New Medical Examiner Protocols Will Ease Halachic Concerns

BROOKLYN -
Representatives of Jewish organizations at the Misaskim breakfast on Sunday. (Misaskim)
Representatives of Jewish organizations at the Misaskim breakfast on Sunday. (Misaskim)

In what was dubbed as a historic breakthrough for New York City’s Orthodox community, the acting chief medical examiner at a breakfast meeting organized by Misaskim unveiled major new protocols that will go a long way in accommodating halachah.

Some 200 Jewish community leaders in Boro Park’s Renaissance Hall listened as Dr. Barbara A. Sampson laid out the far-reaching procedures that will expedite burial, facilitate transfers to Eretz Yisrael and eliminate the possibility of chillul Shabbos.

The new policies put into place by Sampson follow many years of efforts by Misaskim to change procedures that caused distress to many families. Yanky Meyer, the CEO of Misaskim, praised Sampson for her sensitivity and understanding in accommodating the community. A prime example were accommodations made in “reportable cases,” or deaths that must be reported to authorities, that occurred during business hours, after hours or on Shabbos and Yom Tov.

Misaskim retains non-Jewish workers who are familiar with the procedures and act as intermediaries with the authorities. If petirah occurs in an institution such as a nursing home or home for adults, the Medical Examiner  will talk to the attending physician and clear the body for burial. If, for example, a reportable death occurs with a patient with a medical history due to surgery or a procedure, they will no longer have to wait till the next day until the body could be brought to the office of the ME. The ME will dispatch an investigator to the institution.

Dr. Sampson indicated that if necessary, her offices would reopen after hours in a case where the body must be legally brought in, thus facilitating kevurah locally or transfer to Eretz Yisrael for burial. In case a body is brought in and the office is opened after hours for an examination (i.e. x-rays and photography, and not an autopsy), borough chiefs will now have laptops and will be able to issue death certificates remotely.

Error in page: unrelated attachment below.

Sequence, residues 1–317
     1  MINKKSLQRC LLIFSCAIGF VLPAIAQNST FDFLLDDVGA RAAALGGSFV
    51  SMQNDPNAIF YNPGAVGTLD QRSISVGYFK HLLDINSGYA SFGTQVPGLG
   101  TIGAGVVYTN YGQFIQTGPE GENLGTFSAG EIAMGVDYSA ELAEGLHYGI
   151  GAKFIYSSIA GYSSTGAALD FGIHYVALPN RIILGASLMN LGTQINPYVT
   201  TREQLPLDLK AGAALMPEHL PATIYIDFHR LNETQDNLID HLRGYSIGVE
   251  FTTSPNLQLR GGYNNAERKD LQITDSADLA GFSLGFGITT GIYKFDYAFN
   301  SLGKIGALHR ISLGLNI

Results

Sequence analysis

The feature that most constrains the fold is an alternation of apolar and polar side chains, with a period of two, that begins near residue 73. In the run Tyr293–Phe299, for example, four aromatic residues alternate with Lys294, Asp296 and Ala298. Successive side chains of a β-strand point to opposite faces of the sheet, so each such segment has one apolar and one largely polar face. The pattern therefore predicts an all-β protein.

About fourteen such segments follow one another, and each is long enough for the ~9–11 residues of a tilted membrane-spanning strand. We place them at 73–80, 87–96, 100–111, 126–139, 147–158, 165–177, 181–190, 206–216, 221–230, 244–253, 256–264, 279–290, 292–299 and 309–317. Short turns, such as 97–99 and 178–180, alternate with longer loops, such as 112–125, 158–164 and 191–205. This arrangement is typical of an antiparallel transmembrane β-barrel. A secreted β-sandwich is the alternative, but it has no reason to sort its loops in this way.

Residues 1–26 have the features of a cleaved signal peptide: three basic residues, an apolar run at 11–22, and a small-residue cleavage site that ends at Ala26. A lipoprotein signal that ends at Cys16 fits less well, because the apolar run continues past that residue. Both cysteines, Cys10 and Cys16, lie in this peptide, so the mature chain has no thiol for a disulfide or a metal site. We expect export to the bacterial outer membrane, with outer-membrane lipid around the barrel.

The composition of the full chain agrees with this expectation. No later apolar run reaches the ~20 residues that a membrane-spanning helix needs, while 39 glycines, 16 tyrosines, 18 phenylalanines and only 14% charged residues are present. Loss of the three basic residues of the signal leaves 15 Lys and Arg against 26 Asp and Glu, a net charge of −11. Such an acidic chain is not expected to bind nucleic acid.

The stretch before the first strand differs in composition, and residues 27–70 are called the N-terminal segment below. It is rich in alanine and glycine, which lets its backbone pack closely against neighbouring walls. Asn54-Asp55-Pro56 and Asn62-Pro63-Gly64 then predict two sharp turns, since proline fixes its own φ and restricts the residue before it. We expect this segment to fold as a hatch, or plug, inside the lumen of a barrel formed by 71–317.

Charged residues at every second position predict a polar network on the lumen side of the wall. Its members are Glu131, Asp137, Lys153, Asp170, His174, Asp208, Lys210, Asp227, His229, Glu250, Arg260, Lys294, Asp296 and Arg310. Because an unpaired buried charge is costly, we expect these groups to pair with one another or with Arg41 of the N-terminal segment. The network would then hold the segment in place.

Another point of contention in the past was the insistence by ME staff to fingerprint a body even after being identified by a family member, thus causing delays that can interfere with burial before shkiah or even prevent a body from making the flight. After Misaskim’s intervention, the ME can now forego the fingerprinting.

One of the participants who had experienced the intervention of Misaskim firsthand was Assemblyman Dov Hikind, who learned while vacationing in Florida nearly a month ago that his older brother had suddenly passed away.

“I experienced what Misaskim means to our community first-hand and sometimes we don’t appreciate the importance of such an organization, until we are personally involved,” Hikind said. “What Misaskim did for us was tremendous — what a chessed!”

Among the participants were Hatzolah coordinators from all five boroughs, representatives of the various chevrah kaddishas, Chessed shel Emes and representatives of major Orthodox Jewish organizations.